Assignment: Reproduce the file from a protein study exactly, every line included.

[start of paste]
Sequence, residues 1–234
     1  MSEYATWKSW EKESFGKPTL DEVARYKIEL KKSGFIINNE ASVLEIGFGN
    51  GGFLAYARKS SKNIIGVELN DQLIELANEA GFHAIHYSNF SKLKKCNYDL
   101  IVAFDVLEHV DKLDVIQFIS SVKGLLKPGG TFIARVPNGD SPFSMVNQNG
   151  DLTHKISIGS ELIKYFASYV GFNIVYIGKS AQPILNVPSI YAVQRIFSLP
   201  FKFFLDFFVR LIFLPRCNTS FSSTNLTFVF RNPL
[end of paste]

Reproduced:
Sequence, residues 1–234
     1  MSEYATWKSW EKESFGKPTL DEVARYKIEL KKSGFIINNE ASVLEIGFGN
    51  GGFLAYARKS SKNIIGVELN DQLIELANEA GFHAIHYSNF SKLKKCNYDL
   101  IVAFDVLEHV DKLDVIQFIS SVKGLLKPGG TFIARVPNGD SPFSMVNQNG
   151  DLTHKISIGS ELIKYFASYV GFNIVYIGKS AQPILNVPSI YAVQRIFSLP
   201  FKFFLDFFVR LIFLPRCNTS FSSTNLTFVF RNPL